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A Safer, Bright Ion Source for High-Pressure Chemical Ionization


A Vacuum Ultraviolet Ion Source (VUV-IS) for Iodide–Chemical Ionization Mass Spectrometry: A Substitute for Radioactive Ion Sources 

Ji et al. 
DOI: 10.5194/amt-13-3683-2020
Atmospheric Measurement Techniques, 2020

Iodide chemical ionization mass spectrometry has been used extensively in atmospheric research to study low-volatility and inorganic compounds. The technique works by ionizing methyl iodide source gas to form I ions, which then ionize analytes via clustering. A significant barrier to widespread adoption of this technique has been the primary ionization source. Until now, only two approaches to ionization were available and widely used: a limited-sensitivity x-ray source, and a high-efficiency radioactive source, usually 210Po. However, due to obvious safety and regulatory concerns, polonium sources are difficult to acquire, store, transport, and deploy.  

Ji et al. (2020) describes a new ionization technique using vacuum ultraviolet (VUV) light, which is much safer than a radioactive source but similarly efficient. A commercial version of this VUV source is now included with Vocus Aim instruments. The source uses a krypton lamp, which has two emission lines at 116.486nm and 123.582 nm. Methyl iodide (CH3I), delivered in a stream of high-purity N2, efficiently absorbs this light, forming low-energy photoelectrons which in turn interact with CH3I to form I ions. Additives can be added to increase sensitivity and decrease the amount of precursor (CH3I) in the N2 source gas. The geometry of the source is such that VUV light does not enter the ion-molecule reaction chamber (IMR) and is optimized for low reagent ion source flow rates, conserving nitrogen for field measurements.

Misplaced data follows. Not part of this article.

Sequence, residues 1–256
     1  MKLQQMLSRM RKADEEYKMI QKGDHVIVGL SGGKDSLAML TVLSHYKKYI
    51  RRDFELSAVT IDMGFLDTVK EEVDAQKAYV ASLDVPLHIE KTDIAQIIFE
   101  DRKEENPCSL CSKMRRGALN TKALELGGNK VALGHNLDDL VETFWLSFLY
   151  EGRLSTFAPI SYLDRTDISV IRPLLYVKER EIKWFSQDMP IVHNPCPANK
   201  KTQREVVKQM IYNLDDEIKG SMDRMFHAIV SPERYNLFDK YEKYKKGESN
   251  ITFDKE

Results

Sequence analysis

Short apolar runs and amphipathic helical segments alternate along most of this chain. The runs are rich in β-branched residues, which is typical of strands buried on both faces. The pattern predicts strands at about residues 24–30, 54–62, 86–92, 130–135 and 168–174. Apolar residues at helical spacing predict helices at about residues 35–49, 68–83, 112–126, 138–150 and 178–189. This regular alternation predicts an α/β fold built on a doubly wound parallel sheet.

The performance of various configurations of the VUV source were tested by determining the instrument sensitivity to formic acid, gaseous chlorine (Cl2), and ClNO2. Sensitivities to each compound of around 700 cps/ppt were achieved, corresponding to 1-minute detection limits of 0.05 to 0.3 ppt (50 to 300 parts-per-quadrillion).  

Additionally, the VUV ion source produced primary ion spectra that were cleaner than those observed with the radioactive source. Measured backgrounds for HNO3 and NO3 were also substantially reduced. This means that the LOD of VOC using the VUV source are lower than the polonium based systems because many species have reduced background.  

Finally, the VUV source can be used to produce many other reagent ions, in addition to I. If a small amount C6H6 or other absorber is also added to the source, it generates photoelectrons able to ionize other compounds that have smaller VUV absorption cross sections. As an example, the authors experimented with using SF6 as a reagent ion to measure sulfur dioxide, formic acid, and acetic acid. 

TOFWERK has characterized a suite reagent ions possible with the VUV ion source, each of which can be used to selectively analyze different groups of compounds.  

The new ion source was deployed during both a ground-site field campaign and on aircraft, demonstrating its robustness, mobile deployment, and reliability.